Thursday, July 25, 2013

Tyndale Launches Online STEP Bible Study Resource

Tyndale House Cambridge Launches Beta-version of Scripture Tools for Every Person (STEP), a new free Bible study resource


Tyndale just released their STEP online Bible resource. From their announcement:
Today the STEP development team of Tyndale House Cambridge launched the Beta-test version of a new free Bible study resource at www.StepBible.org.

STEP software is designed especially for teachers and preachers who don’t have access to resources such as Tyndale House Library, which specialises in the biblical text, interpretation, languages and biblical historical background and is a leading research institution for Biblical Studies.

The web-based program, which will soon also be downloadable for PCs and Macs, will aid users who lack resources, or who have to rely only on smartphones or outmoded computers.
Be sure to read the announcement page for more info about this project and how it developed. You will see that this is a product of many volunteers and contributors, and the primary focus is to make it downloadable for persons in the Majority World. "Ten language interfaces are available and another 83 are ready for volunteers to work on."
Here are some of my initial impressions of this online beta version.

TEXTS:
Ancient texts available include:
  • Hebrew: Leningrad, Aleppo - All have vocabulary encoded and some have extra grammatical coding and interlinear capability.
  • Samaritan Pentateuch: with Hebrew MT, with MT & DSS, with DSS, (and in KJV English)
  • LXX Greek: Orthodox LXX, Rahlf's LXX (and Brenton's English)
  • NT Greek: Orthodox NT, Byzantine, Elzevir TR, TR, Tregelles, SBLGNT, Westcott-Hort w/ NA & UBS variants
  • Syriac NT Peshitta: in Syriac and with Etheridge and Murdoch English translations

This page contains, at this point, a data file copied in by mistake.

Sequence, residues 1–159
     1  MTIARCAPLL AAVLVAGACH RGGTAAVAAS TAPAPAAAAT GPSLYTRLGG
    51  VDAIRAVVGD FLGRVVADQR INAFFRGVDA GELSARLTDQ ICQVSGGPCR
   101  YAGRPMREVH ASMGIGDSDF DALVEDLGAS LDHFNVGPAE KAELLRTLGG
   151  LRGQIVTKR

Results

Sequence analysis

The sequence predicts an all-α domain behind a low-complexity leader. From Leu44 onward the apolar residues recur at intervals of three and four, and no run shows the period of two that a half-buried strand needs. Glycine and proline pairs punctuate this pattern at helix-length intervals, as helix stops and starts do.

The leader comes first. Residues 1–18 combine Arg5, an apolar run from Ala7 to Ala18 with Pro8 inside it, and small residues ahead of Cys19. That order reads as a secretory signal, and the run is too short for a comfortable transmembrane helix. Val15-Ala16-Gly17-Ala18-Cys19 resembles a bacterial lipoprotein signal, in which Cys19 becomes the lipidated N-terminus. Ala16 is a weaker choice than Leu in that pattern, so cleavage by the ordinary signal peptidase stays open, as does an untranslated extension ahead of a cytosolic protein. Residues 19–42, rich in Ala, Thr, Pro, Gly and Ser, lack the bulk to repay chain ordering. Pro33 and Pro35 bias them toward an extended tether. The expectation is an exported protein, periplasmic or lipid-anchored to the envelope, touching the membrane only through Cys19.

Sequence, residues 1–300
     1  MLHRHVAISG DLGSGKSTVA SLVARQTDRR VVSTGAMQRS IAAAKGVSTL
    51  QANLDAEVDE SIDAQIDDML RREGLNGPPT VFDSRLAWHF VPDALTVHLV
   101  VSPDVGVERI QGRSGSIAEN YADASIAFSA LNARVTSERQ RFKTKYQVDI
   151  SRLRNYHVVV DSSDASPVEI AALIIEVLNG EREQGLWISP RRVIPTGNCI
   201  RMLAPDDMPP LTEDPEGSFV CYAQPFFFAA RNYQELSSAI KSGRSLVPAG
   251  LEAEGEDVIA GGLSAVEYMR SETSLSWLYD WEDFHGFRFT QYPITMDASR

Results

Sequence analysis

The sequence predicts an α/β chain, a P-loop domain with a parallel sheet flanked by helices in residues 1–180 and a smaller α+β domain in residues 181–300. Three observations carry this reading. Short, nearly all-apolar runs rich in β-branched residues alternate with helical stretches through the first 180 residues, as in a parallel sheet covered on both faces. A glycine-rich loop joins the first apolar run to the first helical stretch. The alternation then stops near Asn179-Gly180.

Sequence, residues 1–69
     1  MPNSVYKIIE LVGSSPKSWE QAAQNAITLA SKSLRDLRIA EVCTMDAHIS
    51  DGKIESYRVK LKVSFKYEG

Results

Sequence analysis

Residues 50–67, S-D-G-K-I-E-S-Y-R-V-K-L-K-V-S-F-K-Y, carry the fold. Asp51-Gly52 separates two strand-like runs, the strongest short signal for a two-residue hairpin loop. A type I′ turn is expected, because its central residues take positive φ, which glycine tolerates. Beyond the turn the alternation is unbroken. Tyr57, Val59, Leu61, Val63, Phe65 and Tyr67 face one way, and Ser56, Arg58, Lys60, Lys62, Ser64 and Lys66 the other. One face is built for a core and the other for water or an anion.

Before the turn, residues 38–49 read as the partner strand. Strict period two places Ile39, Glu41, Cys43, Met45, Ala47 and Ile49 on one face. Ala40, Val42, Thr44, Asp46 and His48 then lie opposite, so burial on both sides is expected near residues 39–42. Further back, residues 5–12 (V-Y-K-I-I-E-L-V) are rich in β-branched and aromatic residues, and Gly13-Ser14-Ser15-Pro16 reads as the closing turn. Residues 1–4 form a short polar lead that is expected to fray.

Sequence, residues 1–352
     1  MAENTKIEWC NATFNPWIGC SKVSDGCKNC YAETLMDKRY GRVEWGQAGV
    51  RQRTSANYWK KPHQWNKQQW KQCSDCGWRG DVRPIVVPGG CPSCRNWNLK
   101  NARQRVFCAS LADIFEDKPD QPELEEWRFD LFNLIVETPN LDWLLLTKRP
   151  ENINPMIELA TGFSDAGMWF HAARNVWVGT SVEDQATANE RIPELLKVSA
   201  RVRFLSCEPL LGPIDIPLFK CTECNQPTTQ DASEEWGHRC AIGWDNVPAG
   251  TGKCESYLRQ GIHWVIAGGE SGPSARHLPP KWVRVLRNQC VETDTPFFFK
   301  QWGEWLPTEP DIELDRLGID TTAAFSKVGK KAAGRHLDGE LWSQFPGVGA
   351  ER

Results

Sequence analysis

• Latin: Jerome's Vulgate, Sixti, Clementine, (and Douay-Rheims English)
Modern texts include a wide variety of non-English versions, but among the English versions are: AKJV, ASV, BBE, ESV, JPS (OT), KJV with Apocrypha, Lexham, Tyndale, WEB, and Young's. Of these, the KJV and ESV are most useful because they are capable of the 'sympathetic' highlighting of Greek or Hebrew, and the KJV additionally has grammatical information for every word.

DISPLAY: It took me a while to figure out how to manage the display features. I ended up choosing a two-panel display and keeping the right in sync with the left. (The sync did not work well for me.) With most panes, you also have the option of choosing a Basic, Intermediate, or Advanced view. You can set up a display like I have pictured above. Note the capability of sympathetic highlighting. Clicking on a word in any language will popup original language information on that word. With the Advanced view option, you can set up text to be viewed as interlinear or interleaved. Cf. the graphic below. Note that hovering your mouse over a highlighted chapter:verse reference will pop up vocabulary data for every word in that verse. Using the Advanced option for that popup will not only give the basic Strong's information but also include LSJ data as well. With the KJV, you can also enable grammatical coding. I could not figure out its coloring scheme, but there is full English grammatical analysis of every word provided.